Greece's million-drachma question
Whether enough Greeks join the 'Yes' ranks before Sunday's referendum is anyone's guess.
A Greek exit from the euro is looking increasingly likely. It would be the first reversal for European integration since 1945. Endless twists and turns further frayed investors' nerves. The Greek government called a referendum for 5 July on the terms of an extension to the EU/IMF rescue package that expired at the end of June. Banks were shut to prevent a collapse of the financial system after mass withdrawals; locals are limited to taking €60 a day out of cash machines.
The terms of the rescue package have officially expired, it is uncertain whether they can be offered again, and eurozone leaders have said that they consider a "No" vote to mean a Grexit. Rattled Greek premier, Alexis Tsipras, made a request for new loans, which was rebuffed, then went on Greek television to urge a "no" vote, denying it would mean a "rupture" with Europe.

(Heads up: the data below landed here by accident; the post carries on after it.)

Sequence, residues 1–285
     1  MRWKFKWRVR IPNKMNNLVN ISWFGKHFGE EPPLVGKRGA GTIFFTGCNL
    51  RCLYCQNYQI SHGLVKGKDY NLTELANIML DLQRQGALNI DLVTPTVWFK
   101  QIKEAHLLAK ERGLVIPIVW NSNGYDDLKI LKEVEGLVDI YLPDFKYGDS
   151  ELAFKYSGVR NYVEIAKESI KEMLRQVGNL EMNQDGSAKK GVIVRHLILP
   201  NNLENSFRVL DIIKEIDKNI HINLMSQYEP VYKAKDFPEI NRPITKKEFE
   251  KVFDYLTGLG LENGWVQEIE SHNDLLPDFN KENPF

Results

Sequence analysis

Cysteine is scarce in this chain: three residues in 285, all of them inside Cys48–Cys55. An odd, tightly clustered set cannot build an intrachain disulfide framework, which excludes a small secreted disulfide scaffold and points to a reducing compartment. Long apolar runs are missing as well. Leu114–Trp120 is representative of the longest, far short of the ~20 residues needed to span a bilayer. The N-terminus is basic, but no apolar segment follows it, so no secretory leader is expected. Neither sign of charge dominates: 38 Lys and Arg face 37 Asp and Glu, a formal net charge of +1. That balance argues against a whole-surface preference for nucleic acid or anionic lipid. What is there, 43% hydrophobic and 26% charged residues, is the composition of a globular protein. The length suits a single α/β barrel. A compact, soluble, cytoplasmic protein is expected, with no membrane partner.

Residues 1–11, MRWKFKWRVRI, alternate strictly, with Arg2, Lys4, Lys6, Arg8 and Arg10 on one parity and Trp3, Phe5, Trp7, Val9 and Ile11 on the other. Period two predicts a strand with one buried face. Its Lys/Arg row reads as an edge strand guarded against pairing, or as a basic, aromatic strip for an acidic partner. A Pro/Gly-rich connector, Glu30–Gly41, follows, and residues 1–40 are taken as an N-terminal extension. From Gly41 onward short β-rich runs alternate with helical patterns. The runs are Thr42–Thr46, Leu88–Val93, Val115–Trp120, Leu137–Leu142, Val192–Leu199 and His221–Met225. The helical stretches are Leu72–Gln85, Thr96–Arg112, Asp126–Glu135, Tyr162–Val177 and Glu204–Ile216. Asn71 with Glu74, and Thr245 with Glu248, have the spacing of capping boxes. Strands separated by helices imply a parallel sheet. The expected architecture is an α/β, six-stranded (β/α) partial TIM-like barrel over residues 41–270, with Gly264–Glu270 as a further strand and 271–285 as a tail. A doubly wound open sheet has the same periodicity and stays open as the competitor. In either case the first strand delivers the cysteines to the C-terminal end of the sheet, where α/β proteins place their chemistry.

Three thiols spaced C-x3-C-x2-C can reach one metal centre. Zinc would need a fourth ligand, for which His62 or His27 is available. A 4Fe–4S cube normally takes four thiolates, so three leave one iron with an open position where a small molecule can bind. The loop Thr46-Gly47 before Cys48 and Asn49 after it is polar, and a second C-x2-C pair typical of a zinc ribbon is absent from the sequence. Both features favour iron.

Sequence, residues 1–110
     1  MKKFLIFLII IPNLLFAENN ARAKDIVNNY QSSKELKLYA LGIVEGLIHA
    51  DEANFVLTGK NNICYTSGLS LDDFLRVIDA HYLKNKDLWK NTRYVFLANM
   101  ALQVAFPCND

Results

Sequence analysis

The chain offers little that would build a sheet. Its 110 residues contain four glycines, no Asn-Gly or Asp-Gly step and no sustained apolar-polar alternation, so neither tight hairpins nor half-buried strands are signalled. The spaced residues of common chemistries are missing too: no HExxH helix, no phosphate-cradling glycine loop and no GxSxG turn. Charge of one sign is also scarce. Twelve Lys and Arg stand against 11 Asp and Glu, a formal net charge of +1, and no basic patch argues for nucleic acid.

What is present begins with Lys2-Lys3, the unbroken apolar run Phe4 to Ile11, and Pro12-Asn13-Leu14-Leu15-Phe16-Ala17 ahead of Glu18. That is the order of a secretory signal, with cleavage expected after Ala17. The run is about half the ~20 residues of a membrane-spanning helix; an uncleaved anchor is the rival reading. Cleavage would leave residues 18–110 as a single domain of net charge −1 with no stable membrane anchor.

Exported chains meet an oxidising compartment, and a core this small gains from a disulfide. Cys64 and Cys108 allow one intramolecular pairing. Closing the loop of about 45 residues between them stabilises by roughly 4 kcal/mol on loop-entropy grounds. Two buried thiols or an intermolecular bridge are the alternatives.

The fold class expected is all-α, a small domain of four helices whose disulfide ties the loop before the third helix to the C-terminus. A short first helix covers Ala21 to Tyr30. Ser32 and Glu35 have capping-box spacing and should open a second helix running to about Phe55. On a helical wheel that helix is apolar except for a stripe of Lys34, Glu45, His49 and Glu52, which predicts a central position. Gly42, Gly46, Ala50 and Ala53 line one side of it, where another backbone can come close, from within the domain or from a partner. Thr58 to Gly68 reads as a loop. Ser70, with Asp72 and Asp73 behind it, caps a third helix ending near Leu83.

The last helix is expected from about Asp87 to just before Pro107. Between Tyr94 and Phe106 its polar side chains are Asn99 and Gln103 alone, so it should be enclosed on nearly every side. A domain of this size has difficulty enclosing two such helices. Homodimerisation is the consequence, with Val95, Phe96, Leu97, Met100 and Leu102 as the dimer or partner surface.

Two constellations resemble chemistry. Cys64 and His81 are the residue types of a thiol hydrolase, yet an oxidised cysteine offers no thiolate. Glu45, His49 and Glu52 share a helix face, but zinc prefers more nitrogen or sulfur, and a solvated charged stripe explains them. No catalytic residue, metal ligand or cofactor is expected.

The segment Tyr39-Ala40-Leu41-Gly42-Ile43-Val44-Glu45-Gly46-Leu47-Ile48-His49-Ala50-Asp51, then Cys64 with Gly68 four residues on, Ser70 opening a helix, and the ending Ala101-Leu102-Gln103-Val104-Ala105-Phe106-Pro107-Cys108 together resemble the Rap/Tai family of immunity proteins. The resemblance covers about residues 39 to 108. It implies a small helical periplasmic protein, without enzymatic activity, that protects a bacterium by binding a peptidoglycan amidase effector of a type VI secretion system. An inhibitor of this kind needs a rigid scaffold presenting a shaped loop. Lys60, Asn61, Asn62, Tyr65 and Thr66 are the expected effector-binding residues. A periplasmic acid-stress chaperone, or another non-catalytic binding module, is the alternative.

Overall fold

Germany said there would be no talks pre-referendum. On Tuesday night, Greece missed a €1.6bn payment to the IMF, becoming the first developed country ever to default on an IMF loan. Market jitters have sent the FTSE 100 into the red for the year. The pound hit an eight-year high against the euro.
What the commentators said
But for now the polls point to a clear majority saying "No" to more austerity. Still, said economist.com, the gap is closing as "banks remain closed and fear of a doomsday scenario builds". Whether enough Greeks join the "Yes" ranks before Sunday to keep it in the eurozone "is the million-drachma question".